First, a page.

Acute gut mucosal injury occurs commonly in various critical surgical disorders such as trauma, thermal injury, shock, sepsis, and massive surgical operations. Since the exact mechanisms underlying mucosal injury and repair are still obscure, effective therapies to preserve the epithelial integrity in patients with critical surgical illnesses are limited, contributing to acute mucosal injury, delayed healing, impaired barrier function, and bacterial translocation. During previous funding period, we have established that the transcription factor c-myc and other growth-related proteins play an important role in epithelial cell renewal during mucosal healing and have identified a novel mechanism through which polyamines modulate c-myc expression in critical surgical conditions. However, the upsteam signaling initiating c-myc transcription after injury and how polyamines are implicated in c-myc expression remain unclear and are the focus of this competitive renewal application. Our preliminary results indicate that a) Wnt signaling is activated after mucosal injury, which exhibits a similar pattern of c-myc expression;b) knockdown of Wnt receptors represses epithelial repair;and c) polyamines modulate RNA-binding proteins TIAR and HuR that are involved in translational control of their target mRNAs. Based on these observations, we HYPOTHESIZE that 1) Wnt signaling plays a key role in mucosal healing by stimulating c-myc transcription and 2) increased polyamines following injury regulate c-myc mRNA translation by altering TIAR and HuR.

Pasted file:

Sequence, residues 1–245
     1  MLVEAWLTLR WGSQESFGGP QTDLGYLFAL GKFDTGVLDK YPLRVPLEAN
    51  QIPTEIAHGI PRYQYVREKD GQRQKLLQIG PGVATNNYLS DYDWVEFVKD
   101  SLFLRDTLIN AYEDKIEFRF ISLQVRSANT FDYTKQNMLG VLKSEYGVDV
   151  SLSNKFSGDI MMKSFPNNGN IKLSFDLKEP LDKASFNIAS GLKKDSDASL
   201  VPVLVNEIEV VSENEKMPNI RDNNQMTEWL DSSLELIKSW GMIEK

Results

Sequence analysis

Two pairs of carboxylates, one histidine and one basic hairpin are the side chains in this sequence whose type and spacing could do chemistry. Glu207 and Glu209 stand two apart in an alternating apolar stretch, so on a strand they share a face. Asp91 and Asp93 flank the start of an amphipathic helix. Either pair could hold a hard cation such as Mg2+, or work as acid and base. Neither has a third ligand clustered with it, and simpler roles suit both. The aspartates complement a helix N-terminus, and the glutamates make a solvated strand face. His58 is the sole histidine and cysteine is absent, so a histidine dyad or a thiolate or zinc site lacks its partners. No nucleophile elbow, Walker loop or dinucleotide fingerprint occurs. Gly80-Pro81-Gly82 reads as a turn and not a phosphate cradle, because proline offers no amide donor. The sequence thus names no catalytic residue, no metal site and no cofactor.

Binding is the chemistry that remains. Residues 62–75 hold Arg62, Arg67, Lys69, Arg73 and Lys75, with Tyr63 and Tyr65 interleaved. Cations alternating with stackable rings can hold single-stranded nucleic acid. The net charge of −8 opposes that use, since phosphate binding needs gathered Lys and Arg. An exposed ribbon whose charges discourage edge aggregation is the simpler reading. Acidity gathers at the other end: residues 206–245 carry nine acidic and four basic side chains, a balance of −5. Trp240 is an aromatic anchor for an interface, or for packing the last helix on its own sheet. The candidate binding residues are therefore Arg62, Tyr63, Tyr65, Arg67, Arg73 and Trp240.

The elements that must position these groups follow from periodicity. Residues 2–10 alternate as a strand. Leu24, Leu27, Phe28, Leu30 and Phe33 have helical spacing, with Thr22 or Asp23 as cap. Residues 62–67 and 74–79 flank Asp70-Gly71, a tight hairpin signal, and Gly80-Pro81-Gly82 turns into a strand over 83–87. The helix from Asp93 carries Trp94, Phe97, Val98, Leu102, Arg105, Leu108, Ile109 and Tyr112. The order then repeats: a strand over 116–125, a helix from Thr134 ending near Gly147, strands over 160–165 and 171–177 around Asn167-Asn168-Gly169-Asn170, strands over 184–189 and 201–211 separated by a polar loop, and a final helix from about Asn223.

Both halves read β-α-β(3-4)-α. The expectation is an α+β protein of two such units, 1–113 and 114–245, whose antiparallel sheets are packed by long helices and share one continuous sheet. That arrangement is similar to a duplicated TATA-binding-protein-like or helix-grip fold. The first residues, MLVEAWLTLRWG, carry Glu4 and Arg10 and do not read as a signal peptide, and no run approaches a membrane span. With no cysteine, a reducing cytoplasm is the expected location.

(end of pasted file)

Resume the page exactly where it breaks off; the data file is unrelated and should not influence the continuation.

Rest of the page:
Three specific aims are proposed to test the hypotheses. 1) To determine the exact role of Wnt signaling in c-myc expression and mucosal healing after injury. 2) To define the mechanism by which Wnt activation enhances c-myc transcription during mucosal healing. 3) To investigate the mechanism by which polyamines regulate c-myc translation during healing. Completion of these specific aims will identify the up stream signals initiating c-myc transcription after mucosal injury and also yield a novel model in which c-myc mRNA translation is regulated by polyamines during healing. It is hoped that our findings will identify factors and mechanisms that can be used to preserve epithelial integrity and enhance mucosal healing in patients with critical surgical illnesses. Project Narrative: Acute gut mucosal injury occurs commonly during various critical surgical disorders such as trauma, thermal injury, shock, sepsis, and massive surgical operations. Since the exact mechanisms underlying mucosal injury and repair are still obscure, effective therapies to preserve the epithelial integrity in patients with critical surgical illnesses are limited, contributing to acute mucosal injury, delayed healing, impaired barrier function, and bacterial translocation. Completion of this project will identify the molecular mechanism underlying mucosal injury and repair in critical surgical conditions and provide a fundamental base for development of new therapies to protect the gut mucosa and enhance healing in patients with critical surgical illnesses.
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